Declining freight rates threaten the charter market
Container freight and charter markets are often seen as two sides of the same coin.
But, in recent months, they have been trending in opposite directions: charter markets have been rallying, while the freight price to move shipping containers has been trending downwards.
That is raising concerns in a market where tonnage providers are optimistic of a sustained recovery.
The plight of the freight market is exemplified by the ongoing drop to their lowest levels since August 2016.
Contrast that with the charter market, particularly for larger vessels, where rates for 8,500-teu ships are hitting $21,000 per day.
Strong trade growth has played a key role in this recovery, where vessel demand rose by 5.4% in 2017 and further expansion of 5% is expected in 2018, according to a quarterly report by Maritime Strategies International (MSI).
But the disconnect between charter and freight markets is threatening ships of 7,000 teu to 9,000 teu.
MSI argues that the sustained upwards trajectory for earnings of these “classic” post-panamax class of vessels increasingly requires an “everything-goes-right” scenario rather than a “base case”.
Looking at the charter market in isolation gives the impression that earnings are sustainable.
“Availability here is extremely tight, with the market for vessels over 5,000 teu close to sold out, and this high level of employment for chartered tonnage has of course pushed up earnings,” MSI said.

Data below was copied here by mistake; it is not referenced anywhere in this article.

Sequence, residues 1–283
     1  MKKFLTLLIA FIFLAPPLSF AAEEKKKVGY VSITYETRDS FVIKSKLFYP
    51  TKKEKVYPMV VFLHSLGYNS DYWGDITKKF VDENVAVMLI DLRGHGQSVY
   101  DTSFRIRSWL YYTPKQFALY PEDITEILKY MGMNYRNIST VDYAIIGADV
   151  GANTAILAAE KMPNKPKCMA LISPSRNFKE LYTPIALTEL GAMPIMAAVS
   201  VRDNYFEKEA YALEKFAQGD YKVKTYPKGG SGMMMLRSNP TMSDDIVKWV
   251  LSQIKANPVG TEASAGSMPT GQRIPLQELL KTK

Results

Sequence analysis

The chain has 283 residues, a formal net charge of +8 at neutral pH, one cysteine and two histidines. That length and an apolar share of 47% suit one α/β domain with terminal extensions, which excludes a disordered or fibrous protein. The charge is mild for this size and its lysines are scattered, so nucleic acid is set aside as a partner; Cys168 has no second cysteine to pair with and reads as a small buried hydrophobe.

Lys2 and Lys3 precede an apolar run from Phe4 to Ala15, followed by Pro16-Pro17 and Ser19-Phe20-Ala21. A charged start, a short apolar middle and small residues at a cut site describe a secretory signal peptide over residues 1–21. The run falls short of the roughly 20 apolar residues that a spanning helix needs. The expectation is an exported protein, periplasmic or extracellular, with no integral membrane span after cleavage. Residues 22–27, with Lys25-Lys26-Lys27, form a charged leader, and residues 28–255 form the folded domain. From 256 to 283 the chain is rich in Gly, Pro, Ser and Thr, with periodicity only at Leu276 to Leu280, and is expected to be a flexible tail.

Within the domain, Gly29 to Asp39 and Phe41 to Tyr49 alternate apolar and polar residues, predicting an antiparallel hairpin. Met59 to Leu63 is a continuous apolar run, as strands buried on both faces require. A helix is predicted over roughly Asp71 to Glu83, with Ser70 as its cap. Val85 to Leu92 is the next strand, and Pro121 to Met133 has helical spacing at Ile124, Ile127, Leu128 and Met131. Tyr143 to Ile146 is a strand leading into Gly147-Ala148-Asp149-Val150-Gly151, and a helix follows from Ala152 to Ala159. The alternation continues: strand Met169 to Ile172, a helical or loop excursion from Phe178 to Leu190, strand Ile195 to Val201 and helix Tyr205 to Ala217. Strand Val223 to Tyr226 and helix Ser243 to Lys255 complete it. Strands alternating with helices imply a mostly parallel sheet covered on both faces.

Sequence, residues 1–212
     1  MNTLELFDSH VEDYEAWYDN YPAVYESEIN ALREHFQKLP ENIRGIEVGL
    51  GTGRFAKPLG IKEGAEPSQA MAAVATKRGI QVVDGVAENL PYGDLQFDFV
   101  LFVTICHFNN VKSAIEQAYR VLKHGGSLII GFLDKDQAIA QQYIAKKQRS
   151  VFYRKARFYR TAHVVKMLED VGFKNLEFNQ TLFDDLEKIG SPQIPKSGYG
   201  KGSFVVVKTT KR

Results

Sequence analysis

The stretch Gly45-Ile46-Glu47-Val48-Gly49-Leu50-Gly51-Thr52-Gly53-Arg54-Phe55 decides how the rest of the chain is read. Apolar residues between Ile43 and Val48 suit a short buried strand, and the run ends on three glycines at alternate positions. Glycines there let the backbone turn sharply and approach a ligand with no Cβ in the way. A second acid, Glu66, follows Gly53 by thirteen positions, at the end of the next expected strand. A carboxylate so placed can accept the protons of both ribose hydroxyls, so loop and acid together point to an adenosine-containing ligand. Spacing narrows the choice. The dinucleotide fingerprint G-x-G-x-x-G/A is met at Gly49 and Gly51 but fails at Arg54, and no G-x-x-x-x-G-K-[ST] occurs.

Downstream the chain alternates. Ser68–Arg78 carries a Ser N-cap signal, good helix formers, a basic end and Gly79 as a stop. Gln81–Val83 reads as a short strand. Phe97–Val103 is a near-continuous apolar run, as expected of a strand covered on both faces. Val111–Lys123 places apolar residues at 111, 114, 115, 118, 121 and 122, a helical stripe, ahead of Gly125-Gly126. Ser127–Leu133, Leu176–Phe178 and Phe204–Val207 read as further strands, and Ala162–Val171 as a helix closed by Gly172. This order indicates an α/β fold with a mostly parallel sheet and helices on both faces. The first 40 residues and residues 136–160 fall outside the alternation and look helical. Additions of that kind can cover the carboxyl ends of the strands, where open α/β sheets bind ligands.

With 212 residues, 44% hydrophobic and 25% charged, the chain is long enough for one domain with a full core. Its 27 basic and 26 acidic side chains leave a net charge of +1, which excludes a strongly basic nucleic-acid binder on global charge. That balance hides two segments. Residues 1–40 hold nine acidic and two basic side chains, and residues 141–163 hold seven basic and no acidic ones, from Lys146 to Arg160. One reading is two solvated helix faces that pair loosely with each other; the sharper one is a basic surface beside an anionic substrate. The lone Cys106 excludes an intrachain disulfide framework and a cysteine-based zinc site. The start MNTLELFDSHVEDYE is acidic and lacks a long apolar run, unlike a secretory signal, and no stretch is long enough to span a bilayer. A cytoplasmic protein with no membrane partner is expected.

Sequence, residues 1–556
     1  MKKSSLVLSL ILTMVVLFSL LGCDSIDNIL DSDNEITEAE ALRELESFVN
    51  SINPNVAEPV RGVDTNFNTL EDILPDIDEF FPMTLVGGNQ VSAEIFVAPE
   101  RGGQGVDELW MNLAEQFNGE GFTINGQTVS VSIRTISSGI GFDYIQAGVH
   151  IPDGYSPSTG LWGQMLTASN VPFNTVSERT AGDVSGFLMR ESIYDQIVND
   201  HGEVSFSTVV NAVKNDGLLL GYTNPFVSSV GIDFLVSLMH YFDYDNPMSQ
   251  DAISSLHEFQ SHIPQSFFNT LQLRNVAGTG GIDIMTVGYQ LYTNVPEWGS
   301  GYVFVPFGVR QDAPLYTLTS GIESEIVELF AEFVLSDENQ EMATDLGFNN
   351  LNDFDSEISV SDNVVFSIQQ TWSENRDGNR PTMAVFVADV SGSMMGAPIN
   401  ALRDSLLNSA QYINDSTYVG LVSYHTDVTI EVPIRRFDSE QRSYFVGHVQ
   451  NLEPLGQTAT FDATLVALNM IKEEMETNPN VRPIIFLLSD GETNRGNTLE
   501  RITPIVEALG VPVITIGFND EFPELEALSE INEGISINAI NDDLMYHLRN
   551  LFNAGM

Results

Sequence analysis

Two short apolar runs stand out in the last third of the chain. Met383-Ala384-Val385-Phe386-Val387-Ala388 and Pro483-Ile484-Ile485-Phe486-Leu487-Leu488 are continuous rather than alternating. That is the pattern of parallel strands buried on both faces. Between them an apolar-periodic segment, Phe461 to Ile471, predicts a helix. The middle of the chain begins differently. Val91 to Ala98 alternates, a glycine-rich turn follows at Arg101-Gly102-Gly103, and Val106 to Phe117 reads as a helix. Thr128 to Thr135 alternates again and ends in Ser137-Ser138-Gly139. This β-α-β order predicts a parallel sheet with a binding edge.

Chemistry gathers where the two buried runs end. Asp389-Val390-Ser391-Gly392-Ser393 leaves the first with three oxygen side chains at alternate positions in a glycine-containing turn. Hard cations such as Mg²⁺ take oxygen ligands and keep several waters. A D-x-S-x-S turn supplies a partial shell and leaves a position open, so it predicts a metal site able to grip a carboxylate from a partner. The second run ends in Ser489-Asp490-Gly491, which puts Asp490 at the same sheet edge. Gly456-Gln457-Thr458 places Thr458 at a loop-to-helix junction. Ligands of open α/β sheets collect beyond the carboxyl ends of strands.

But it notes that the freight markets are not quite so rosy and that most liner companies struggled to make money towards the end of last year, with the position of those on the Asia-Europe trade particularly perilous.
One of the key drivers behind the pickup in demand for “classic” post-panamax tonnage has been very strong import growth into Latin America and the trade into the Middle East and Indian subcontinent, the analyst says.
This has driven upsizing and widened the potential pool of charterers for these vessels. That includes the likes of Shipping Corp of India, Simatech and Deutsche-Afrika Linien. Each currently has an 8,500-teu ship on charter, although MSI says they fall outside the group of liner companies traditionally regarded as potential end-users of these vessels.
“This increasing exposure to non-mainlane trades is undoubtedly healthy for the segment but should not be overstated,” MSI said. “Over half of the capacity in the 7,600-teu to 9,000-teu class remains deployed on the mainlane trades, with the transpacific accounting for the lion’s share.”
MSI reckons that the frontloaded delivery schedule of newbuildings implies that the transpacific trade will be hit by heavy cascading from the Asia-Europe routes over the coming three months. If trade growth disappoints, then it is likely that lines will look to redeliver chartered tonnage, MSI says.
“We believe that the market’s room for manoeuvre is far more limited than we would have hoped,” MSI said. “Underlying supply/demand balances are not as tight as they appear, and the hefty delivery schedule for this year means a shortfall in demand would see charter rates driven down aggressively.”
The near term may see the charter market supported by service reshuffling, coupled with the start-up of the Ocean Network Express, which may see additional vessel requirements.
But unless trade growth on North-South and Middle East/Indian subcontinent trades continues to run at close to 10%, then May to June may see a weakening in earnings for larger vessels, MSI adds.